As expected, things have not panned out quite as planned. I never heard back from Loïc Tallon and decided not to pursue it as there were plenty of other ways to explore my project in this city. I didn’t get it together to try and drum up a #drinkingaboutmuseums session with the NY museum tech crowd, and now they’re all in Portland for MW2013 (sort of wish I was too, and sort of think that it would only result in a bad case of information and experience overload if I had made that the end of my trip). I didn’t get a chinese take away in one of those boxes you always see in films (or a bagel, or a cupcake, or a cocktail. My bad, and anyway I had enough of a Sex and the City flashback obsessing about shoes.) And I didn’t meet Tom Waits by chance in a bar at two a.m. (which was a favourite New York fantasy of mine twenty years ago).

Instead, I did do so many other things. There really is a lot to love about New York, and as hoped it has been the perfect place for me to explore my project in a new way. First and foremost, the BGC even exceeded my (high) expectations. Having ready access to such a wealth of ressources has been great, and I only wish I had had the time to devour even more books. To compensate, I’ve built up quite a larder of articles to read back in Copenhagen. Whats more, being able to present my project and discuss my questions and research interests with the faculty here has been wonderful, and I am deeply grateful for the response I have been getting. Especially, debating the role of new technologies in (and outside) the museum with Kimon Keramidas and getting insights into fashion curation from Michele Majer has been very useful. Also, the wealth and level of the lectures and events that I have been able to attend here has been absolutely astounding. Even though a lot of the subject matter has only had a tenuous connection with my own research, these lectures have given me a lot of food for thought, pointing to aspects of museum practice that I would otherwise not be considering, opening new perspectives or alerting me to theories that could perhaps be of use in my project too.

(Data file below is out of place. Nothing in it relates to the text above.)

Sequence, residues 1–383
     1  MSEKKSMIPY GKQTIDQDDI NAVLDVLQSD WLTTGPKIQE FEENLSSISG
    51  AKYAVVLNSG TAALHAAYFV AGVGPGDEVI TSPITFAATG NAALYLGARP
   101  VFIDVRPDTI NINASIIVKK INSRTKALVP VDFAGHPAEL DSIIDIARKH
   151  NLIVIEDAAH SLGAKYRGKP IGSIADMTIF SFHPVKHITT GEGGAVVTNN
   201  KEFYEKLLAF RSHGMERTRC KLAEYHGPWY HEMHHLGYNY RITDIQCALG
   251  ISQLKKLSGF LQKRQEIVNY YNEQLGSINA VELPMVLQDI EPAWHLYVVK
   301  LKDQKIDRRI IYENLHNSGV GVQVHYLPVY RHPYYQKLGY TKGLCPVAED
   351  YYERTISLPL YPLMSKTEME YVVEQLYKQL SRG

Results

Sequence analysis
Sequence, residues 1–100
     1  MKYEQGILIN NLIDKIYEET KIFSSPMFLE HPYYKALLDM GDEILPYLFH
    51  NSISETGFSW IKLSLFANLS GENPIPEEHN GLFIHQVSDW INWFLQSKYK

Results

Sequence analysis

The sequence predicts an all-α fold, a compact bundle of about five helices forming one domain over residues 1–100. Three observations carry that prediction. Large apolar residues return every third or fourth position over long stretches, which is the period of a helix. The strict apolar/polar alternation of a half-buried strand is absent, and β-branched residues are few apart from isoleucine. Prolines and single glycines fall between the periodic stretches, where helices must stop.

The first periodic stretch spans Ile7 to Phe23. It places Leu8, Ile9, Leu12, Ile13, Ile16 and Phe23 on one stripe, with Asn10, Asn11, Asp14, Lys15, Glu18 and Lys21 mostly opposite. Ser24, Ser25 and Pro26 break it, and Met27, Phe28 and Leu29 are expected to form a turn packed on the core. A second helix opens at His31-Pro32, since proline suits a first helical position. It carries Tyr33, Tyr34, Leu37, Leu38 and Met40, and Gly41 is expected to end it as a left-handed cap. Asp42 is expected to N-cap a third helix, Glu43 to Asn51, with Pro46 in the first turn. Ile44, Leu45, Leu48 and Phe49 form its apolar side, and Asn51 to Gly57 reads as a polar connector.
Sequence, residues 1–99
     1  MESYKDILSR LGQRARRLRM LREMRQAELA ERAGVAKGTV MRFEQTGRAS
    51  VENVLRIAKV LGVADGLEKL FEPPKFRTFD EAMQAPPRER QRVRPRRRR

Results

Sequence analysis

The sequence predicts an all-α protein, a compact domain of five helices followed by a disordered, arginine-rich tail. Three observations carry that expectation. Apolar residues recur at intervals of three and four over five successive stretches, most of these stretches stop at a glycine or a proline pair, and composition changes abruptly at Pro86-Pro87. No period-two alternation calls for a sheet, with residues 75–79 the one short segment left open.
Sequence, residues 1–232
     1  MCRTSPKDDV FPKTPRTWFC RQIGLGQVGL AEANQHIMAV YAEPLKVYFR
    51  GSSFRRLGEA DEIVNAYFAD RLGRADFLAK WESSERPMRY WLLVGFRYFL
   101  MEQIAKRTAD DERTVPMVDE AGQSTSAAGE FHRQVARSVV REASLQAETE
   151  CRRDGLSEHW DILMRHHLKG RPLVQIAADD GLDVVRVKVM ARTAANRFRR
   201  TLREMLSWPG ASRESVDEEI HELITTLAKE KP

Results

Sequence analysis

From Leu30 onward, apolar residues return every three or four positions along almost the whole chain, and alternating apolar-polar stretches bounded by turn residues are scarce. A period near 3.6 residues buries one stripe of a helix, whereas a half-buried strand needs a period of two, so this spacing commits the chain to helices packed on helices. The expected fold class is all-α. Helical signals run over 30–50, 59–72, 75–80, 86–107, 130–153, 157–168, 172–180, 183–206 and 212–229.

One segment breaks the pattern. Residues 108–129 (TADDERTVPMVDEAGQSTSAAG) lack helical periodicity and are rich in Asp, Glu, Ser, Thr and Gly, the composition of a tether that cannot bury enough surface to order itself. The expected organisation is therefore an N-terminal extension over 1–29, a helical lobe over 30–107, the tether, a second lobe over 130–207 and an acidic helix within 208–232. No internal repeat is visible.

Secondly, being able to visit all these amazing institutions here in New York has been a real buzz. World class museums as well as smallscale, dedicated inititiatives, its all here in abundance, and I’ve been fortunate to have had enough time to explore and indulge. I’ve seen a great variety of exhibitions, tried a whole heap of apps (bear with me on that slightly dubious image), immersed myself in cultural experiences and engaged in public debates. The After the Museum talks at MAD have been a great source of inspiration, I only wish there had been even more time for discussion, as so many interesting perspectives were brought up by some really cool people. So I’m looking forward to read the resulting publication, and also hope that at some point, somewhere, we might get the chance to pick up that conversation again.

And of course, simply feeling the vibrancy of this city, watching people on the street and sensing the pace and spirit of the academic culture; being free to put in the hours and not least finding myself in a new context and therefore even more open to impressions. All of this has been a great learning experience, and has really pushed my project forwards. So I am deeply thankful for Bard Graduate Center for inviting me and for being so welcoming. And also very grateful to my sponsors, who made this visit possible: Augustinusfonden, Farumgaard-Fonden, Oticon-Fonden og Dansk Manufakturhandlerforening.

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I’ve just come back from experiencing ‘Sleep no more’; an immersive dance/ theatre rendition of Macbeth. But there’s no way I can really explain what the hell it was, hence the immersive. You simple have to experience it, and yet one of the most intriguing things is that there so much more that you miss out on than what you actually see. Overhearing other peoples conversations as we left, and searching for images online for this post, I realize I’ve missed out on orgies, killings (as in other killings than the ones I did encounter), a sugar covered goat (!) and other rarities. I don’t know if seeing any of this would have made me any wiser on the Macbeth narrative, but that wasn’t really the point anyway. I had my own experience, stumbling upon my own theatrical highlights and hiddden gems.